Carefully managed dehydration may improve a rider's climbing performance says Dr Roger Palfreeman, who has worked with BMC and Team Sky

Thirst and dehydration could make professional riders climb faster, says a doctor who has worked with Team Sky, British Cycling and BMC Racing.

Dr Roger Palfreeman spoke last week at a conference in Doha, Qatar, about the effects of heat in cycling. Spanish newspaper El País printed his comments on losing weight and controlled dehydration to improve performance.

During his presentation, Palfreeman used Team Sky’s Tour de France champion Chris Froome as an example of an athlete who may theoretically improve using the controversial method.

“Losing two kilos during the day of a mountain stage, Froome needs 47 seconds less to climb the Alpe d’Huez, which is no small thing considering that in 2015, for example, he won the Tour by just 72 seconds,” Palfreeman said.

“And he can lose two kilos through controlled dehydration, drinking less than certain logic would require.”

Froome won the 2015 Tour de France thanks in part to his final defence against Colombian Nairo Quintana (Movistar). Quintana launched an attack on the Alpe d’Huez climb and put Froome on the ropes, but could only gain enough time to move within 1-12 of Froome’s eventual win.

Hill climbing

Hill climbing could improve with managed thirst, says team doctor

The three-time winner’s Tour weight is reported around 66 to 67 kilograms. Palfreeman, wrote El País, showed how the all important watts per kilogram changes from 6.25 to 6.45 weighing 65 instead of 67 kilograms. It is based on the need to shed two kilograms through three per cent dehydration.

Palfreeman said athletes can learn to tolerate the feeling that comes with drinking less than what their bodies ask without having it affect their performance. He explained, “Optimum hydration is not balanced hydration”.

The process is called “training of thermal perception”. To eliminate the worry that they could ‘bonk’ or become dehydrated, Palfreeman explained that you had to misinform cyclists about their hydration status.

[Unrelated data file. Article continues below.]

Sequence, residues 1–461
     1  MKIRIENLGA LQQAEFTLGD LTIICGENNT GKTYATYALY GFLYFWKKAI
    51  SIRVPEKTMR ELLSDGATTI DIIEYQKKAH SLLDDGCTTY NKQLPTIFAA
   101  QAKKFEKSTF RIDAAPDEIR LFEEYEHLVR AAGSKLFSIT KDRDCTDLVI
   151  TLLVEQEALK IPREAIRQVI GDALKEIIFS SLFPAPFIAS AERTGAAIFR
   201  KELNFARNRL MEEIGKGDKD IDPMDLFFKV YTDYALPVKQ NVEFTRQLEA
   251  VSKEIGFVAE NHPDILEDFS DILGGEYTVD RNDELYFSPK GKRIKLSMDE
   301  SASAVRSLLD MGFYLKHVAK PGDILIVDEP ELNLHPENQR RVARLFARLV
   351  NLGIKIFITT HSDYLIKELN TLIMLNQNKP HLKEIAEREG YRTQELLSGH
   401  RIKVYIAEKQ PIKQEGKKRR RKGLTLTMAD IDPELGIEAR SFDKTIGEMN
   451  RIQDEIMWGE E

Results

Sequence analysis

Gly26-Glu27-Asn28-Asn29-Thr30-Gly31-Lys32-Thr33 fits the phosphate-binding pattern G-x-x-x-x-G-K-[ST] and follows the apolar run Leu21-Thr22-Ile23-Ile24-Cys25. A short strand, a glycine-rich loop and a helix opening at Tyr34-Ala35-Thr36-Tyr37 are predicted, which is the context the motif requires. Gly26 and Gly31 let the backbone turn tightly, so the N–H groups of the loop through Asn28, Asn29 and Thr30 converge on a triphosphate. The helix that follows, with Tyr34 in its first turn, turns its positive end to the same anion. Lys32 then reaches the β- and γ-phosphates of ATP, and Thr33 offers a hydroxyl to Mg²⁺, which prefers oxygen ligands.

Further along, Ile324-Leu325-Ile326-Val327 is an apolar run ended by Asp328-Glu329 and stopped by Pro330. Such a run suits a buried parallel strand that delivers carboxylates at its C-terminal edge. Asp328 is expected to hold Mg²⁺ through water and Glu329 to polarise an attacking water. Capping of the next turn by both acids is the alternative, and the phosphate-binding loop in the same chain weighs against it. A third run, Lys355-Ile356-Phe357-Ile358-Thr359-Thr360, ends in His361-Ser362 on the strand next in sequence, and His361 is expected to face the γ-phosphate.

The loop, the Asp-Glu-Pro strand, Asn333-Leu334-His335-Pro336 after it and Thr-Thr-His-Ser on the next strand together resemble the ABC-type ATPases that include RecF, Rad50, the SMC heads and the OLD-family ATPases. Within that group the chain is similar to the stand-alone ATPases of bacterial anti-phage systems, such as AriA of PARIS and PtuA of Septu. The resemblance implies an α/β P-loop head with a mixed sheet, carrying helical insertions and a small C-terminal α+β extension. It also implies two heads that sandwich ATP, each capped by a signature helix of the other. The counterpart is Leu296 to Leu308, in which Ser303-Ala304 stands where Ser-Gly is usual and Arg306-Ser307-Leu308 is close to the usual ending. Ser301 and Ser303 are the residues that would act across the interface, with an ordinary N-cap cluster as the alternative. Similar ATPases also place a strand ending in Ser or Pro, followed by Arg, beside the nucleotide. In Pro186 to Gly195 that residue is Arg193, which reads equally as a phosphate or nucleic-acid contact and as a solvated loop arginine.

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The article explained that he recommended mouthwash with menthol to deceive their thirst. According to Palfreeman, it also includes paracetamol, a medication used to treat fever, and antidepressant Wellbutrin (bupropion), which helps at 30°C. The article did not say he was giving the medications to Froome.

The World Anti-Doping Agency (WADA) has not included the medications on its banned list, but has included bupropion in its monitoring programme.

Palfreeman said that cyclist should train to adapt to the heat, as if they are going to compete at 40°C, through dehydration and 40-minute baths in 40°C water.



Team Sky told Cycling Weekly in a statement:”Rider welfare is paramount and so issues such as hydration are carefully managed by our Head of Nutrition and our team doctors.”

“Doctor Palfreeman was speaking at a conference in a personal capacity and was not referring to any practices we use at Team Sky.”

The article quoted another doctor who said: “I would never reveal the secrets that make a cyclist go faster”. He added that nothing that Palfreeman revealed is based on scientific studies.

Doctors have studied the affects of dehydration and certain drugs like paracetamol. A study published in Experimental Physiology in 2013 showed some improved performances, but it may inhibit performance through other mechanisms.